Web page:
He makes no effort to hide his emotions.
The day we meet, he is pledging half of his monthly salary - $950 - to help
Cynics will say this latest action is an attempt to divert attention away from political discord at home.
But Mr Morales,
"The way I see it, it's impossible to change things without encountering resistance," he shrugs.
Mr Morales is wearing a black wool jacket with a strip of traditional embroidery.
His thick, shiny fringe slumps over tired eyes.
We are in a long hall, furnished with gilded mirrors and lavish dressers, in the presidential palace.
Just over 18 months ago, he was on the outside shouting and blocking streets to get heard.
Now, he is hammering away at a controversial programme of social change from the inside.
Within months of his taking up office, he put the energy industry under state control - foreign firms were given six months to sell at least 51% of their holding and negotiate new contracts, or leave.
Nationalisation sent tremors through the energy sector, but Mr Morales insists it is making
"We are starting a process of decolonisation in
But for the country to profit from its rich oil and mineral reserves, it needs to attract foreign investment.
Analysts say poor infrastructure and Mr Morales's radical policies have deterred investors.
Even he admits the first year was disappointing, in terms of securing foreign investment, but he says
He is putting pressure on gas companies already operating in
"I am not saying we will expel a company from the country," he says.
"They may carry on working, but as the owners of the natural resources, we will have to recover what is needed to deliver the investment the company should have delivered."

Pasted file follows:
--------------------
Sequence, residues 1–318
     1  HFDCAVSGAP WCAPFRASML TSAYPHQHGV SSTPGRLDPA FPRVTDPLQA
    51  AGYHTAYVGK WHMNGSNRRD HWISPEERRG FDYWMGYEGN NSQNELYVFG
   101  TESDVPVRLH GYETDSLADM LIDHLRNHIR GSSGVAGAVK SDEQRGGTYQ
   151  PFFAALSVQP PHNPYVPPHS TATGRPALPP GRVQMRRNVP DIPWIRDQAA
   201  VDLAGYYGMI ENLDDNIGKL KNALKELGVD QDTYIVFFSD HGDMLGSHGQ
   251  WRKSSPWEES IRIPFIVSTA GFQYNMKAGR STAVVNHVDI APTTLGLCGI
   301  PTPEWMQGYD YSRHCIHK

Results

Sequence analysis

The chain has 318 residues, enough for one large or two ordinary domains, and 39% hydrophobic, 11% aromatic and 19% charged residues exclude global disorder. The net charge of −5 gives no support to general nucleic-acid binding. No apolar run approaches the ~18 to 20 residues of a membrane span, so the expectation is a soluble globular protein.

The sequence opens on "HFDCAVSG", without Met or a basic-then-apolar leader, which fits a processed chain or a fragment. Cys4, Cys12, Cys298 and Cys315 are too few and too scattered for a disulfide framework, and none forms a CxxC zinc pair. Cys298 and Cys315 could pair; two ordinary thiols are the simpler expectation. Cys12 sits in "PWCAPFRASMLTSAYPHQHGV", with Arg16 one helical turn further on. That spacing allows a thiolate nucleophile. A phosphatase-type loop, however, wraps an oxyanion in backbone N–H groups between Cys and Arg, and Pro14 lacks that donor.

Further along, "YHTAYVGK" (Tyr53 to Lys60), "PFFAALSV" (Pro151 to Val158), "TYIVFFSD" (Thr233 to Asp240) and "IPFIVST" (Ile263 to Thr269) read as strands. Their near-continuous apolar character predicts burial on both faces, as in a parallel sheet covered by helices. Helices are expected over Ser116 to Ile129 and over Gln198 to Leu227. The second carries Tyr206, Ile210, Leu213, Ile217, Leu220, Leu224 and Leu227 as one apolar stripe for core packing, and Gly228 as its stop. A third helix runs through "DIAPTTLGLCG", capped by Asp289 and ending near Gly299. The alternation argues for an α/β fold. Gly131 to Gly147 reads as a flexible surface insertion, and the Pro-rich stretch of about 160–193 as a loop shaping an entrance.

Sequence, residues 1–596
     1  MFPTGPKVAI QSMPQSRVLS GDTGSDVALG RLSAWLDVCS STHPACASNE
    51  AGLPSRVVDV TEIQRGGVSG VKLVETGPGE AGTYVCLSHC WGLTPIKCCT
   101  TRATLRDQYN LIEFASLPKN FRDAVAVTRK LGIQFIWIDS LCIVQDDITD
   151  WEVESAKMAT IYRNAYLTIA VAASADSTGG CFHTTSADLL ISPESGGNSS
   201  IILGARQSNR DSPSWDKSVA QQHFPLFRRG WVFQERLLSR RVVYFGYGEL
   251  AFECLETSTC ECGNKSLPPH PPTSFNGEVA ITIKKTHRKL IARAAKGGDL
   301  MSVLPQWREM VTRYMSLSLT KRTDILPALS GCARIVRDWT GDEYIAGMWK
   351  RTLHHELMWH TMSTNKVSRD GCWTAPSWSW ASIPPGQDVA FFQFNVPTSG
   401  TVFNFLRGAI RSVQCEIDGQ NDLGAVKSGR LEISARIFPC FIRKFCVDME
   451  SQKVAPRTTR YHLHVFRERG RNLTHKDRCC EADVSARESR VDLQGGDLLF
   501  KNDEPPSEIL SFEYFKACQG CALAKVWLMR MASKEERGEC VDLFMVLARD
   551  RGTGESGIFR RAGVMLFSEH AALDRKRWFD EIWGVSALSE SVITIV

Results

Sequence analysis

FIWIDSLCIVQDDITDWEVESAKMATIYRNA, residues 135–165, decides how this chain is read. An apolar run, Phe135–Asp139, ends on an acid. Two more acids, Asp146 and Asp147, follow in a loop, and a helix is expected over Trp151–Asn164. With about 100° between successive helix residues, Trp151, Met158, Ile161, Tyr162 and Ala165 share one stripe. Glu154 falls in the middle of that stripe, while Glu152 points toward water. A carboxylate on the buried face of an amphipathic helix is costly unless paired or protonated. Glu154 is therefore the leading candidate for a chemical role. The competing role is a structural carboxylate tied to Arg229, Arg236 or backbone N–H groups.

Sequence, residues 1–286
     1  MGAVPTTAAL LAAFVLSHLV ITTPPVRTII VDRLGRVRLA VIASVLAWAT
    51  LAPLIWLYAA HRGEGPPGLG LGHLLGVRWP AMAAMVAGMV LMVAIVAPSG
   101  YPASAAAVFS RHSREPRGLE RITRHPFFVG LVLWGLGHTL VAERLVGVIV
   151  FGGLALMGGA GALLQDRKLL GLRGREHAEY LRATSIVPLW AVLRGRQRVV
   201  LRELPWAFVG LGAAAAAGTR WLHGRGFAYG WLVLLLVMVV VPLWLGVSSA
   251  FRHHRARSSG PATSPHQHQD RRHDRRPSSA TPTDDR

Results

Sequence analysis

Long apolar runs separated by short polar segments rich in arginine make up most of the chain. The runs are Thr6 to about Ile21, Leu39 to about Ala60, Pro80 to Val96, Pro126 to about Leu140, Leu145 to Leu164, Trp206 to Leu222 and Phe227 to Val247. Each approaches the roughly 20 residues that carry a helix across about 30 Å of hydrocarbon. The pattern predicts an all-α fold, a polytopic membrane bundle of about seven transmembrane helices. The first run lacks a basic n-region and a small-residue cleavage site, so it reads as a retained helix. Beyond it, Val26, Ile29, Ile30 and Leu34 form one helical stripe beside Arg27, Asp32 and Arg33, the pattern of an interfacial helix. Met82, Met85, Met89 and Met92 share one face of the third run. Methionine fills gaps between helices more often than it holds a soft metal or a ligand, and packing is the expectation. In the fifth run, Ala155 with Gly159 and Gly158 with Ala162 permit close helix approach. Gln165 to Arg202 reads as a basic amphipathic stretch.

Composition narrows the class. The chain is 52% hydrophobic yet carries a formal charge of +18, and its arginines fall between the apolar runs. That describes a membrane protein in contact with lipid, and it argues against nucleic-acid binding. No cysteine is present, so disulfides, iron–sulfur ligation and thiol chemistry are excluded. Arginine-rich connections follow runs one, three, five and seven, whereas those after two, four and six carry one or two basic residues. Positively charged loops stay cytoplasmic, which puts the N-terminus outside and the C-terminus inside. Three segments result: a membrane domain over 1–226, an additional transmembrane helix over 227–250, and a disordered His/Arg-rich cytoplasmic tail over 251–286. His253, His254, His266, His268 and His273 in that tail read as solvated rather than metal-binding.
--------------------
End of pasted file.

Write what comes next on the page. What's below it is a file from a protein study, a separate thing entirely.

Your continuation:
Mr Morales is hardly your average politician, having spent years defending the traditional use of the coca leaf at a grass-roots level.
These days, he fights for coca on a diplomatic front, pushing for a change in international law so that
Mr Morales says
"If the law is harsh on the coca leaf, why isn't it harsh on consumers of cocaine?" he asks.
"Governments must face up to the problem of secret banking," he says, hands outstretched.
"Secret bank accounts are for laundering dirty money. Heads of state at the UN should put an end them. That would be the best way of tracking down the drugs traffickers."
When the president talks about
When asked if he is his replacing what he calls "North American imperialism" with Venezuelan imperialism, Mr Morales retorts:
According to Mr Morales, this is what is lacking from the
"Right from the start, they said this little Indian is only going to be president for three or four months," he says.
"That day passed and now they say this little Indian is going to be here for a long time, we have to do something about it; and that means encouraging confusion or destabilisation."
The destabilisation he refers to is a regional campaign to move the executive and legislative branches of power from
The issue has caused gridlock in the assembly set up by Mr Morales to draft a new constitution.
There have been hunger strikes and mass demonstrations, and with eastern and southern regions now supporting the move to
Is the assembly in jeopardy? "I have a lot of hope for the Constituent Assembly," Mr Morales says.
"If it fails, if it closes, it will be exactly because of the people who do not want the rules changed, who do not want a cultural revolution, or to lose their privileges."
"When we get it wrong, we get it wrong. Who doesn't get it wrong?" he says.
"The issue is recognising our mistakes, and that is where we have a great advantage; above all it is in our honesty."
First published at BBC News